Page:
In the aftermath of WWII, somewhere in the muddy Mississippi Delta, two families--one black, the Jacksons, and the other white, the McAllans--are forced to share the same patch of land, keeping a frail race-based peace with each other. However, as they both struggle with hardship and dire poverty, the long-awaited return of two war veterans--Ronsel, the Jacksons' eldest son, and Jamie, Henry McAllan's younger brother--will unexpectedly nurture a budding friendship that transcends prejudice and race. But, in the end, against a backdrop of fevered Mississippi sunsets and vitriolic racism, life can be hard when the law of the land is still segregation and hatred. And then, no one can be safe.Written by
Mary J. Blige's experience going through her divorce from Kendu Isaacs fueled the hurt and heaviness in her performance in the film. See more »
When Jamie is in the European brothel, a Foley background sound has been added of another couple having sex off-screen. However, the off-screen prostitute is moaning in English, and her voice has a distinctly modern L.A. accent which did not exist in Europe during this era. See more »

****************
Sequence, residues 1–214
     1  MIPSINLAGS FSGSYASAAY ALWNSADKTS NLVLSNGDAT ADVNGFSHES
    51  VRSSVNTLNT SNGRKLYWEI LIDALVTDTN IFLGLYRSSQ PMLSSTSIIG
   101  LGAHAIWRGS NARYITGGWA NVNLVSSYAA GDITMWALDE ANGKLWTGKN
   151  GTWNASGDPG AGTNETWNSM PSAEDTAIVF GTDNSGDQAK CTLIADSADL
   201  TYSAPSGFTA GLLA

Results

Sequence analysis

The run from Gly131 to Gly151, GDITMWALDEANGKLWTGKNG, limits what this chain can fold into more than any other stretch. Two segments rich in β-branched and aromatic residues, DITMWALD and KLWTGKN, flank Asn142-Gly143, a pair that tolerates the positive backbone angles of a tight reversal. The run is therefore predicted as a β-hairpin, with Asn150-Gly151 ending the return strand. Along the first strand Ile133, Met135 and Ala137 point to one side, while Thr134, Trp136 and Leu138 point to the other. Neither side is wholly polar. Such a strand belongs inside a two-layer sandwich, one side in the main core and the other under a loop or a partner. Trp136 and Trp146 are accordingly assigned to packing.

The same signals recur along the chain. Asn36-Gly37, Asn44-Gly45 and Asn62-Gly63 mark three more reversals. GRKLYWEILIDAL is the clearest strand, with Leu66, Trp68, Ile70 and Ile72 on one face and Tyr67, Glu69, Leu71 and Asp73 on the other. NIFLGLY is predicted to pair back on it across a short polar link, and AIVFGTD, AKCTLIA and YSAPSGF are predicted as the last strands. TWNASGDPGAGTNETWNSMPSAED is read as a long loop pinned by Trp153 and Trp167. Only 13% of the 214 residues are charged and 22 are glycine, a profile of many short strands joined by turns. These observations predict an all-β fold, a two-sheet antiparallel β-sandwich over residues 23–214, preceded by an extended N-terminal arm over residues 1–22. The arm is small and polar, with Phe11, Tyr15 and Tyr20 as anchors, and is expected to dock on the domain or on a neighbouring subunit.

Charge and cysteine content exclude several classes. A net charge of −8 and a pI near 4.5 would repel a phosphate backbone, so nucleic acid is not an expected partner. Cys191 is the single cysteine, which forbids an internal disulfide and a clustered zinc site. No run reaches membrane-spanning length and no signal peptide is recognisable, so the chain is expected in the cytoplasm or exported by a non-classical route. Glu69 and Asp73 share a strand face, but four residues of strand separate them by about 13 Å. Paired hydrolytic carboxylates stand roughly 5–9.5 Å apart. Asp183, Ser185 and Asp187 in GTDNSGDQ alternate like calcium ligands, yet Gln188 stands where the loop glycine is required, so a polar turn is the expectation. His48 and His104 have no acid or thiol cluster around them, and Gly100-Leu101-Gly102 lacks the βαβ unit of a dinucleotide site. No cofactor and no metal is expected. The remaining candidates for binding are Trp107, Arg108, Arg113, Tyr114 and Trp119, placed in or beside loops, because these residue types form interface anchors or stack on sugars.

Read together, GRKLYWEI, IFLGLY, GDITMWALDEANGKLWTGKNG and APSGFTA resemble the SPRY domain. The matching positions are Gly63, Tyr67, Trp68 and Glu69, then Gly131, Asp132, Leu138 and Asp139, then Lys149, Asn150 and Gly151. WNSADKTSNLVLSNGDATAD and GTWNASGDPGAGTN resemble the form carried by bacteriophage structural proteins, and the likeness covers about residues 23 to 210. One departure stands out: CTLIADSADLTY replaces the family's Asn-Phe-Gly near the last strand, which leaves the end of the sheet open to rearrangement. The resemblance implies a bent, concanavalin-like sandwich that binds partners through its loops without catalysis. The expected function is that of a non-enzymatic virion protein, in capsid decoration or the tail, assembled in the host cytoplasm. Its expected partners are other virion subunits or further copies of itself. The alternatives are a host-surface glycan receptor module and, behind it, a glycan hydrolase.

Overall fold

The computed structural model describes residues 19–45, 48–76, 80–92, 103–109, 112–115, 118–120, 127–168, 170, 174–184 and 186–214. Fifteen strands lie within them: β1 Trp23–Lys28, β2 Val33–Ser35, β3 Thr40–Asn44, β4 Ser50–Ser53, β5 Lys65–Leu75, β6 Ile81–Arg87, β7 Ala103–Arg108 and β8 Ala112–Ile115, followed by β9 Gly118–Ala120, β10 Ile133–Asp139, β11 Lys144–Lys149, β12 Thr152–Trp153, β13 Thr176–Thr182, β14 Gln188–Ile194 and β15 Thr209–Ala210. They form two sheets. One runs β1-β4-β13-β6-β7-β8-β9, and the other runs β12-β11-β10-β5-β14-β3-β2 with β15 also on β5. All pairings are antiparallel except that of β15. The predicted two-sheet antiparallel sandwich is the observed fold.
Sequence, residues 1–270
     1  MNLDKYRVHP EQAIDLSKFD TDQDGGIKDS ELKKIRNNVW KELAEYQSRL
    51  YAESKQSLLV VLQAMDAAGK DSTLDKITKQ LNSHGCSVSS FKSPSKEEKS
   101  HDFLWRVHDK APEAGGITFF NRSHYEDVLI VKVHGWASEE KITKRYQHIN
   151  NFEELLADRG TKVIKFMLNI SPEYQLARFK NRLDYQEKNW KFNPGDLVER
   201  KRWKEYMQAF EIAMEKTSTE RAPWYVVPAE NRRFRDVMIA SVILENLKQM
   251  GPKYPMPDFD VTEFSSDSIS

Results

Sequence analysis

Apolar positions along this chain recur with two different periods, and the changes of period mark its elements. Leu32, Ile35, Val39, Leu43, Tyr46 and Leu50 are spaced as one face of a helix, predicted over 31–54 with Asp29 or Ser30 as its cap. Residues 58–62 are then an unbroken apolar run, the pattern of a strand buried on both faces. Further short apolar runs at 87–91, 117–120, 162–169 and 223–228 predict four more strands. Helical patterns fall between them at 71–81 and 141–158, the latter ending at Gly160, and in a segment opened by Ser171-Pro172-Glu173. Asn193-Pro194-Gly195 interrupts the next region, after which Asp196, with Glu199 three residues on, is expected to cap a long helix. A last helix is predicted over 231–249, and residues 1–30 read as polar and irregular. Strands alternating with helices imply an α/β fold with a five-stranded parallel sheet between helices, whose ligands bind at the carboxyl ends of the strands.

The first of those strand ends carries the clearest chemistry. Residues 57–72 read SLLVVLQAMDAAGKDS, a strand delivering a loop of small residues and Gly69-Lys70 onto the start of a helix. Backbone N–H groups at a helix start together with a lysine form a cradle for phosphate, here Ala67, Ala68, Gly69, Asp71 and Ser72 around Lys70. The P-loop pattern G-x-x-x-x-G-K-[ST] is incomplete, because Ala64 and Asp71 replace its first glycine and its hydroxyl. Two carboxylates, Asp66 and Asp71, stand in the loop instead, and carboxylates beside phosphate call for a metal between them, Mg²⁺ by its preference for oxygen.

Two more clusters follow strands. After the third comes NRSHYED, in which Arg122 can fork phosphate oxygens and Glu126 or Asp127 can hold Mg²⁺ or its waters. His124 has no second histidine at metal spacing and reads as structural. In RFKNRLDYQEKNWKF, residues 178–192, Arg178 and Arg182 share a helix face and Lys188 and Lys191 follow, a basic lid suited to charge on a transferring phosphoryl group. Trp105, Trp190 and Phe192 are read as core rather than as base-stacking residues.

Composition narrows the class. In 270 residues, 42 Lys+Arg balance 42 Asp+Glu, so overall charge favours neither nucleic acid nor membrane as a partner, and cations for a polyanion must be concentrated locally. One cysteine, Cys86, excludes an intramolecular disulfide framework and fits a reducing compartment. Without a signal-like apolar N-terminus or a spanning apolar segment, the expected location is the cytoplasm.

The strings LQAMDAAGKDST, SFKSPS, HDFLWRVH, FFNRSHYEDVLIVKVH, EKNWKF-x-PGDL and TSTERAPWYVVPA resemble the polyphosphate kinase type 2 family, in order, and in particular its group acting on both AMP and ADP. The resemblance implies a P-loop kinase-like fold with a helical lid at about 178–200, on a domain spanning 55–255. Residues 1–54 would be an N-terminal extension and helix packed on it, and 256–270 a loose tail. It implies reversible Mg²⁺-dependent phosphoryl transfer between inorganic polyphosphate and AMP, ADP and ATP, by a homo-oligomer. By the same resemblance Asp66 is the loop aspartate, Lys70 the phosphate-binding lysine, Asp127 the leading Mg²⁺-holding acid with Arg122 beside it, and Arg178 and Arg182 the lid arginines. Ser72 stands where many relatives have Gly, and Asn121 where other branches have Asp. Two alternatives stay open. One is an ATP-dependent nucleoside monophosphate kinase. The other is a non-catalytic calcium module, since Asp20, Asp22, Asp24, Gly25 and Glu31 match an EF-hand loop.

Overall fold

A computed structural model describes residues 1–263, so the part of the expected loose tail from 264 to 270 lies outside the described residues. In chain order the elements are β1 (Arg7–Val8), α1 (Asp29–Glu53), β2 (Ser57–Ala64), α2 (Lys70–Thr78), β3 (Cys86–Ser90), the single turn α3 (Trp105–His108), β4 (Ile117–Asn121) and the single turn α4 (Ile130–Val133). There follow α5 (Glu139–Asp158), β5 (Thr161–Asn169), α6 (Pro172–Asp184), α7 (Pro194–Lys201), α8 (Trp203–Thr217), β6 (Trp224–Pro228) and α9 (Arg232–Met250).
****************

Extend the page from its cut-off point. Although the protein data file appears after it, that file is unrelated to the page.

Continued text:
Unfocused and because of it clichéd, lost an opportunity to be better
Gave it a 6 because it's very unfocused. I wonder if it's the fault of the screenplay or is the original book is that way too. It felt like big pieces were missing from the story or rather not needed there. By the end of the movie you realize that Carey Malligan's character wasn't really crucial to the main racism theme and two main characters involved in it, so it makes you wonder why the first part of the film actually focuses on her so much. It will be funny is she's nominated for this absolutely unnecessary role. I was more interested to find out more about 2 main characters, but because of the lack of the focus they both came up as cliché as well.
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